The next day Susan was on the computer searching for jewel appraisers, located one in Knoxville, Tennessee and called. He asked her to bring a few samples and he could estimate dollar value. She drove to Knoxville and the appraiser was impressed at the quality of the rubies. Red and Susan then counted the rubies estimating their value the best they could, gauging size and purity based upon Susan’s Internet research and discussion with the appraiser. Their estimate was between 5 and 6 million dollars. The next step was to sell the rubies for the highest dollar amount. Susan searched the Internet for jewel brokers. Now the pieces were in place to begin negotiations with the heirs and their lawyer.
“Mr. Huffington this is Susan Willoughby. Mr. McLean and I would like to meet with you again concerning the matter of the land sale.”
“Oh, hello, fine. I’m open anytime after 3PM this week. The heirs are getting uneasy about the sale and are seriously considering the present offer since no new bids have come forth. Did you find a philanthropist to assist you in your effort to purchase the property?”
“Yes, we feel things can go in our favor and satisfy the heirs beyond the present bid.”
“Can you be here tomorrow?”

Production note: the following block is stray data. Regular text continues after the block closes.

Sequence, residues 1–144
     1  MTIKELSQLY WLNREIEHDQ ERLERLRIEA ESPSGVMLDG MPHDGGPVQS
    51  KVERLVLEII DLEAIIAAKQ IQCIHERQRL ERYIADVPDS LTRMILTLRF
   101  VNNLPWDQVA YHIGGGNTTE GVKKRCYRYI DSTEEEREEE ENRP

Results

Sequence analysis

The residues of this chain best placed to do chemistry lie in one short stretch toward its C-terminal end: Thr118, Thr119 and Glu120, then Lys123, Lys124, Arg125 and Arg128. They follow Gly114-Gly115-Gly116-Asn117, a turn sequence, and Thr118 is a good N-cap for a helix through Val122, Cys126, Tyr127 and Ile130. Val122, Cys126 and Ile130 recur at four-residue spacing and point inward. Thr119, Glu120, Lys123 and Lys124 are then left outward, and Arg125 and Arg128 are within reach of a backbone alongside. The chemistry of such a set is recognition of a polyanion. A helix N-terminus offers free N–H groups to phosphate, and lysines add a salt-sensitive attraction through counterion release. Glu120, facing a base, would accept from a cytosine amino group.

“Yes, we will be there at 3PM.”
Susan and Red entered the law office.
“Come in, glad to see you again sit down. I am eager to hear your offer.”
“We have located an anonymous benefactor. We offer 2,500,000 dollars to purchase the 1000-acre property. We can deliver a cashier’s check to you when the deed is prepared for transfer. The deed should be made out to The Ruby Red Foundation, of which I am the chief executive and director. We will obtain counsel to advise and represent us regarding clarification and legality to implement proper deed transfer.”
“I will inform the heirs immediately, you can call me tomorrow and I will update you on where things stand. Thank you for coming.”
Susan and Red departed.
“Hey Joe, we have a counter offer for the property, the tree hugger and the old guy returned, they found a benefactor, formed a foundation and they have offered 2 mil 5 for your land. I will call the developer and present this information to him to see if he wants to increase his bid.”
“Good news Walter, I will inform my sister. Let me know right away what the developer says.”
Huffington called the developer, who was angered from being outbid.
“Look Huffington, those two dragged their feet, my offer is way over a realistic price for their land. I’m strung out financially; the banks are already edgy concerning another project I have in the works. The two million I offered is out of my pocket. I am passing on this one.”
So, The Ruby Red Foundation owned 1000 acres of pristine property adjacent to the Pisgah National Forest. There will be no bulldozers, roads or uprooted old growth trees. The bears keep their home and this will become a wilderness forever, the Ruby Red Wildlife Sanctuary.